FORT LAUDERDALE — Alex Sink, Florida's chief financial officer and the leading Democratic candidate for governor, told the state's largest gay rights group Sunday that homosexuals should be allowed to adopt if it's in the children's "best interest.''
Florida is the only state with an outright ban on adoption by lesbians and gay men. Sink said it should be up to a judge to determine whether it's in a child's best interest to be adopted, on a case-by-case basis.
"We need a system in which all of our children are assured that they live in a healthy, loving home -- a home that's determined not by any law,'' Sink told about 300 gay activists who packed a gallery of modern artwork at the Museum of Art in Fort Lauderdale. "The decision has to be made by the judge, in consultation with the experts, to determine what is the best for that individual child.''
Sink said she looked forward to working with Democratic state Sen. Nan Rich of Weston, who has unsuccessfully pushed legislation to repeal the state's gay adoption ban. But Sink said after the speech that she had not read the bill and would not immediately commit to signing it if it passed and she was elected governor.
The issue offers a contrast between Sink and the Republican front-runner for governor, Attorney General Bill McCollum, whose office is defending the state's ban on gay adoption. A state appeals court is weighing the case of a North Miami gay man seeking to adopt his two foster children.
Sink's speech at the Equality Florida fundraiser comes as she tries to chart a politically moderate path to the governor's mansion in 2010. She denied the crowd an obvious opportunity to applaud by using legal jargon about the "best interest of the child'' instead of calling for an outright repeal of the state law.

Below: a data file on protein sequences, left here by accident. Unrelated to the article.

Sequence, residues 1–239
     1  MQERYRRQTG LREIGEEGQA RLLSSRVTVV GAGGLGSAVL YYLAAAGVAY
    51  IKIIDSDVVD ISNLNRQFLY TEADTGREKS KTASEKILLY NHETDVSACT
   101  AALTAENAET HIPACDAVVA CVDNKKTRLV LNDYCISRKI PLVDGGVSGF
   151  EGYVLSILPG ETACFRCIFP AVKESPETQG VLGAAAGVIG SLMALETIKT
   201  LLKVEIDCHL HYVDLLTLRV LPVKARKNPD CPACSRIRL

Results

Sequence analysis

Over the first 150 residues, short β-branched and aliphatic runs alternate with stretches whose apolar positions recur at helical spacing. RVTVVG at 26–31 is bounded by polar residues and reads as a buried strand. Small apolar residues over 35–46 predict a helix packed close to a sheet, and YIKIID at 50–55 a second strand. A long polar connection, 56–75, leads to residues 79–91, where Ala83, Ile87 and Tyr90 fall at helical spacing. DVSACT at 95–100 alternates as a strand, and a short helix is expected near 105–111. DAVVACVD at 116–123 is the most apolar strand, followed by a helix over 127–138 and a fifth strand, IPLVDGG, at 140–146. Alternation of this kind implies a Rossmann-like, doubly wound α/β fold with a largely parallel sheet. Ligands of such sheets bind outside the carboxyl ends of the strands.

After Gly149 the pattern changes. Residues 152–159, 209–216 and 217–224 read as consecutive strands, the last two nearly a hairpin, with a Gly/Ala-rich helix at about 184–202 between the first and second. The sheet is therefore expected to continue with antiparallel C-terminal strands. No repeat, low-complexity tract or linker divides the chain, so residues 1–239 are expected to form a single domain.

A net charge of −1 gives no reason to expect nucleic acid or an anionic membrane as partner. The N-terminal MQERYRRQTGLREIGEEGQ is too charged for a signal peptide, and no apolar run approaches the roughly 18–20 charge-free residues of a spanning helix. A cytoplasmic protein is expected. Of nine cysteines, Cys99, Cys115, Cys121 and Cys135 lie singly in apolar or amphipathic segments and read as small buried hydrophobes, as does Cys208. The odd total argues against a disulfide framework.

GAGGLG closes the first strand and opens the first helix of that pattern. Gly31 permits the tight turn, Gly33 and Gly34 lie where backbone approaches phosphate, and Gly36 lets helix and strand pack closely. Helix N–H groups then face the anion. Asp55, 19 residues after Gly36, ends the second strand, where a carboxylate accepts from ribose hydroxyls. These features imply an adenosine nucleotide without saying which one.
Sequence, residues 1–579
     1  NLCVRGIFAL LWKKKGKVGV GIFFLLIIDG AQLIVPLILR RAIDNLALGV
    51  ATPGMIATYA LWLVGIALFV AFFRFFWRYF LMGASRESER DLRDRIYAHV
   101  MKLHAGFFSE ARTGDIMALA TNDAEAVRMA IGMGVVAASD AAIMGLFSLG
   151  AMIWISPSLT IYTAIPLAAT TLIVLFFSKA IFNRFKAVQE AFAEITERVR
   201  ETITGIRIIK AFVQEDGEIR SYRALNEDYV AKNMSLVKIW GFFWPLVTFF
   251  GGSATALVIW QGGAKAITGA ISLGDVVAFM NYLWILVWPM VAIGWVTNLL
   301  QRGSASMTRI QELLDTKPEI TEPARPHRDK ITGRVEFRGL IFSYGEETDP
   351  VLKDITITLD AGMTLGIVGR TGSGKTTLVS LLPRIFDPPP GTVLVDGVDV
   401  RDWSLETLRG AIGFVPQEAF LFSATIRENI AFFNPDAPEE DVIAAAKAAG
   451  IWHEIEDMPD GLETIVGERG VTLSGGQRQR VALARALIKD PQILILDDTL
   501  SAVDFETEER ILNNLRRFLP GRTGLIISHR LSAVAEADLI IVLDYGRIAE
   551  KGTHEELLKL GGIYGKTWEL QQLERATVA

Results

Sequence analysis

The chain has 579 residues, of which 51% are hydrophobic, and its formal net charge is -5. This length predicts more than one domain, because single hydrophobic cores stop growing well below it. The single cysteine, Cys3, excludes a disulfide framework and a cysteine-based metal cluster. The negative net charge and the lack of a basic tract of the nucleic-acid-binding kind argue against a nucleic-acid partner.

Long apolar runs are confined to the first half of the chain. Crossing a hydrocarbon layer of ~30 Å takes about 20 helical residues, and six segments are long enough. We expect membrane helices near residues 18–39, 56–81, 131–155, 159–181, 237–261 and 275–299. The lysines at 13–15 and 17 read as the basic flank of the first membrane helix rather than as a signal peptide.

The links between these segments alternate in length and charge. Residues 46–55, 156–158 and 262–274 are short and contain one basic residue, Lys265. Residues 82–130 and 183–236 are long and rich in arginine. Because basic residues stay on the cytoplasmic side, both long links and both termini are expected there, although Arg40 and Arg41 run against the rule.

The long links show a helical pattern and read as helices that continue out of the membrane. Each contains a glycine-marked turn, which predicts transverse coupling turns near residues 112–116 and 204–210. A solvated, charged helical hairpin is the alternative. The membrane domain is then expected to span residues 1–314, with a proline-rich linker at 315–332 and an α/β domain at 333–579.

The event in the state's Democratic stronghold raised $175,000 for the gay rights group.
"She's smart to go [to this event] this year instead of in 2010 and to do it in Broward,'' said Derek Newton, a Miami political consultant for the failed 2008 campaign against a constitutional ban on same-sex marriage. "She has a race to run and she needs to appeal to the middle.''
Sink's appeal in some moderate Republican circles has helped her outraise McCollum by a 2-1 margin. And while she faces no major Democratic opposition, McCollum recently drew a primary challenger, Republican state Sen. Paula Dockery of Lakeland. Polls show Sink and McCollum in a close race.
"She's going to need to garner every progressive vote that she can, not just to vote for her but for people to donate their money and time and hard work,'' said Brian Winfield, an Equality Florida spokesman. "The gay community is known for volunteering for people who are going to be a champion for us.''
McCollum was known as a staunch conservative during his two decades representing the Orlando area in Congress. But because he had voted in favor of hate crimes legislation that included attacks against gay men and lesbians, he was labeled a "darling of homosexual extremists'' by his Republican opponent for the U.S. Senate in 2004. Mel Martinez was widely criticized for using vulgar campaign tactics but won the race.
McCollum continues to support hate crimes laws. And he and Sink both won praise from gay rights activists recently for allowing employees to take sick leave to care for same-sex partners. Sink's office policy specifically addresses domestic partners, while McCollum's rule is more vague.
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